Flashback Friday.

The AP has an interesting website about wildfires from 2002 to 2006. Each year, most wildfires occurred west of the Continental Divide:

Many of these areas are forested. Others are desert or shortgrass prairie:

There are a lot of reasons for wildfires–climate and ecology, periodic droughts, humans. The U.S. Fish and Wildlife Service reports that in the Havasu National Wildlife Refuge, the “vast majority” of wildfires are due to human activity. Many scientists expect climate change to increase wildfires.

Many wildfires affect land managed by the Bureau of Land Management. For most of the 1900s, the BLM had a policy of total fire suppression to protect valuable timber and private property.

Occasional burns were part of forest ecology. Fires came through, burning forest litter relatively quickly, then moving on or dying out. Healthy taller trees were generally unaffected; their branches were often out of the reach of flames and bark provided protection. Usually the fire moved on before trees had ignited. And some types of seeds required exposure to a fire to sprout.

Complete fire suppression allowed leaves, pine needles, brush, fallen branches, etc., to build up. Wildfires then became more intense and destructive: they were hotter, flames reached higher, and thicker layers of forest litter meant the fire lingered longer.

As a result, an uncontrolled wildfire was often more destructive. Trees were more likely to burn or to smolder and reignite a fire several days later. Hotter fires with higher flames are more dangerous to fight, and can also more easily jump naturally-occurring or artificial firebreaks. They may burn a larger area than they would otherwise, and thus do more of the damage that total fire suppression policies were supposed to prevent.

In the last few decades the BLM has recognized the importance of occasional fires in forest ecology. Fires are no longer seen as inherently bad. In some areas “controlled burns” are set to burn up some of the dry underbrush and mimic the effects of naturally-occurring fires.

But it’s not easy to undo decades of fire suppression. A controlled burn sometimes turns out to be hard to control, especially with such a buildup of forest litter. Property owners often oppose controlled burns because they fear the possibility of one getting out of hand. So the policy of fire suppression has in many ways backed forest managers into a corner: it led to changes in forests that make it difficult to change course now, even though doing so might reduce the destructive effects of wildfires when they do occur.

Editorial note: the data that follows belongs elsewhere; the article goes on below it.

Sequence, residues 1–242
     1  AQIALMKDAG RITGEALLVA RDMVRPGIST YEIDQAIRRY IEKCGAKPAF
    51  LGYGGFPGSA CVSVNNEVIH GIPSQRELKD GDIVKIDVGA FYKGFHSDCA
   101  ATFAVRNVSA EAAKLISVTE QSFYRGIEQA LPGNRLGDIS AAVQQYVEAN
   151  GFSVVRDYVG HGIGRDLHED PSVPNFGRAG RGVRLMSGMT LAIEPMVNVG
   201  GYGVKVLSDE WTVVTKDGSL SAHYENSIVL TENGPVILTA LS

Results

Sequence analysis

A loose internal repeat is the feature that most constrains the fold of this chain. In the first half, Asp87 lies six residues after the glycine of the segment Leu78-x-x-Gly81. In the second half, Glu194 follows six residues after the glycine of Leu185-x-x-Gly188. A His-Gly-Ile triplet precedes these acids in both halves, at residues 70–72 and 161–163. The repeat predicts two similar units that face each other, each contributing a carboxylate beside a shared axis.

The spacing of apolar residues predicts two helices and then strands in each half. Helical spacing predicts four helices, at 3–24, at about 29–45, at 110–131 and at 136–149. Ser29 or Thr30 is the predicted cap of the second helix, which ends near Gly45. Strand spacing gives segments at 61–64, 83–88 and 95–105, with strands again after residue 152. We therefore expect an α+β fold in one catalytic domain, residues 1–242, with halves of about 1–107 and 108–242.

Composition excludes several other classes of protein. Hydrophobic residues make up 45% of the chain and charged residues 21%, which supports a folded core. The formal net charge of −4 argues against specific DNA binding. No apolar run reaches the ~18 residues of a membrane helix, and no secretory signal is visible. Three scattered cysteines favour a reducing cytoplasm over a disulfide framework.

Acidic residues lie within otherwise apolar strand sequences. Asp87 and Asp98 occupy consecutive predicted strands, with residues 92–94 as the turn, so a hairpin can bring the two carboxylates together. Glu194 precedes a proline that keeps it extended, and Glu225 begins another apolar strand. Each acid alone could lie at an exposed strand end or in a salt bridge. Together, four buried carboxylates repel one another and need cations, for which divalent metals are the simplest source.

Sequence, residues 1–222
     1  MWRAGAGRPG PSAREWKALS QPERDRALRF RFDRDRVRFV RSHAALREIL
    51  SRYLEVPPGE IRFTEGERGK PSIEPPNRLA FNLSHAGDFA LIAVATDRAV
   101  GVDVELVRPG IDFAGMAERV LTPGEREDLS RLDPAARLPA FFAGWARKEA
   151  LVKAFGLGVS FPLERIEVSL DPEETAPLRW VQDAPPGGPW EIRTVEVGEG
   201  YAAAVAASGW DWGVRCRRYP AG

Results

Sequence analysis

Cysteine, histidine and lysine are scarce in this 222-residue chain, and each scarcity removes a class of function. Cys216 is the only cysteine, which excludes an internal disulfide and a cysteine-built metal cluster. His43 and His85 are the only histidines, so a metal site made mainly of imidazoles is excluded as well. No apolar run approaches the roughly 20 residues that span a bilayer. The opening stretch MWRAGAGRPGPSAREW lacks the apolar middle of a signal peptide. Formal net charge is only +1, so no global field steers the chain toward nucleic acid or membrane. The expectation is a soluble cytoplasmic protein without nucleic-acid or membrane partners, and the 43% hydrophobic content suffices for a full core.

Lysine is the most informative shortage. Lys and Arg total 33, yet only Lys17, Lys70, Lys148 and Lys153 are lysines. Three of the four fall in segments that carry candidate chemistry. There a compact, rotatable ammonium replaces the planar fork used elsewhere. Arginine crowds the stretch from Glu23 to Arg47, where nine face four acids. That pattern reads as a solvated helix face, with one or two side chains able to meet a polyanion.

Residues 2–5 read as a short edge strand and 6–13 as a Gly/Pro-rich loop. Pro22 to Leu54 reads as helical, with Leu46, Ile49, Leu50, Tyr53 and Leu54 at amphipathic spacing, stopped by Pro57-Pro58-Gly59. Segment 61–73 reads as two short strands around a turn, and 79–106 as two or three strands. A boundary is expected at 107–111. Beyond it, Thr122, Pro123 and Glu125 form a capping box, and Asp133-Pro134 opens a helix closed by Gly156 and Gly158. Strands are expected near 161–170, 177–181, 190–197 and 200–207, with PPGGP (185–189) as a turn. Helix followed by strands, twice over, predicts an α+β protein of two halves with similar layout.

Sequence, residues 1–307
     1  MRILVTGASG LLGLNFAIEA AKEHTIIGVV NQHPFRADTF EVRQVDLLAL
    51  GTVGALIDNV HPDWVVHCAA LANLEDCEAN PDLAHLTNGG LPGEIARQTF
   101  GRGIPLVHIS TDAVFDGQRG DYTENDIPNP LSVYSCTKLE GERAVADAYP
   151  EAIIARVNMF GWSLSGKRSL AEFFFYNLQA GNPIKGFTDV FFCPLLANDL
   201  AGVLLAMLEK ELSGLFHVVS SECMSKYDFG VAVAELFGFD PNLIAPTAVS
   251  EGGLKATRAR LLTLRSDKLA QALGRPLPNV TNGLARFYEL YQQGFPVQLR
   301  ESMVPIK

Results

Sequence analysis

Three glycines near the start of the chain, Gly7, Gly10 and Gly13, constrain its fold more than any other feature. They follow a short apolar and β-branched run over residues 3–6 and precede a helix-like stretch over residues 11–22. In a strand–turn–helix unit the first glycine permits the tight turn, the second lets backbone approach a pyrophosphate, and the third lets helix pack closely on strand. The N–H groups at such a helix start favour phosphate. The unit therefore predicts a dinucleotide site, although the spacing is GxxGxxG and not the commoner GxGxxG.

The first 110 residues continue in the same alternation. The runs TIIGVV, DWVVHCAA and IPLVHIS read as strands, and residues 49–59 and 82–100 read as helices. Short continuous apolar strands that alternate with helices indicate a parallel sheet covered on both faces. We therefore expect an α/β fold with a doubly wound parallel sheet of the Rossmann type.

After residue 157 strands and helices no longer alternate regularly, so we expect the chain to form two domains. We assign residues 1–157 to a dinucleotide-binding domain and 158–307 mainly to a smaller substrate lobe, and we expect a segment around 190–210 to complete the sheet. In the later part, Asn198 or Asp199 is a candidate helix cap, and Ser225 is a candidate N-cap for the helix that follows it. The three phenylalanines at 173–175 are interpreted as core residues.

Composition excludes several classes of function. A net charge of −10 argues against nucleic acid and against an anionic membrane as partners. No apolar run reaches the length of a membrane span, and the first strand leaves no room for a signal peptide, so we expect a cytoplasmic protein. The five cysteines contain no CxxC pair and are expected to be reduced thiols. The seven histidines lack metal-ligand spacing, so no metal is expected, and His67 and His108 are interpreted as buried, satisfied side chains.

Given this, I’m always interested when wildfires are described as “natural disasters.” What makes something a natural disaster? The term implies a destructive situation that is not human-caused but rather emerges from “the environment.” As the case of wildfires shows, the situation is often more complex than this, because what appear to be “natural” processes are often affected by humans… and because we are, of course, part of the environment, despite the tendency to think of human societies and “nature” as separate entities.

Originally posted in 2010.

Gwen Sharp is an associate professor of sociology at Nevada State College. You can follow her on Twitter at @gwensharpnv.

On June 26th, 2015, the United States Supreme Court ruled that bans on same-sex marriage violate the 14th Amendment of the Constitution. This is your image of the week:

5Source: Slate.

 

Lisa Wade is a professor of sociology at Occidental College and the co-author of Gender: Ideas, Interactions, Institutions. You can follow her on Twitter and Facebook.

All politicians lie, said I.F. Stone. But they don’t all lie as blatantly as Chris Christie did last week in repeating his vow not to legalize marijuana in New Jersey.

Every bit of objective data we have tells us that it’s a gateway drug to other drugs.

That statement simply is not true. The evidence on marijuana as a gateway drug is at best mixed, as the governor or any journalist interested in fact checking his speech could have discovered by looking up “gateway” on Wikipedia.

If the governor meant that smoking marijuana in and of itself created a craving for stronger drugs, he’s just plain wrong. Mark Kleiman, a policy analyst who knows a lot about drugs, says bluntly:

The strong gateway model, which is that somehow marijuana causes fundamental changes in the brain and therefore people inevitably go on from marijuana to cocaine or heroin, is false, as shown by the fact that most people who smoke marijuana don’t. That’s easy. But of course nobody really believes the strong version.

Nobody? Prof. Kleiman, meet Gov. Christie

Or maybe Christie meant a softer version – that the kid who starts smoking weed gets used to doing illegal things, and he makes connections with the kinds of people who use stronger drugs. He gets drawn into their world. It’s not the weed itself that leads to cocaine or heroin, it’s the social world.

That social gateway version, though, offers support for legalization.  Legalization takes weed out of the drug underworld. If you want some weed, you no longer have to consort with criminals and serious druggies.

There are several other reasons to doubt the gateway idea. Much of the evidence comes from studies of individuals. But now, thanks to medical legalization, we also have state-level data, and the results are the same. Legalizing medical marijuana did not lead to an increase in the use of harder drugs, especially among kids. Just the opposite.


1a

First, note the small percents. Perhaps 1.6% of adults used cocaine in the pre-medical-pot years. That percent fell slightly post-legalization. Of course, those older people had long since passed through the gateway, so we wouldn’t expect legalization to make much difference for them. But for younger people, cocaine use was cut in half. Instead of an open gateway with traffic flowing rapidly from marijuana through to the world of hard drugs, it was more like, oh, I don’t know, maybe a bridge with several of its lanes closed clogging traffic.

Jay Livingston is the chair of the Sociology Department at Montclair State University. You can follow him at Montclair SocioBlog or on Twitter.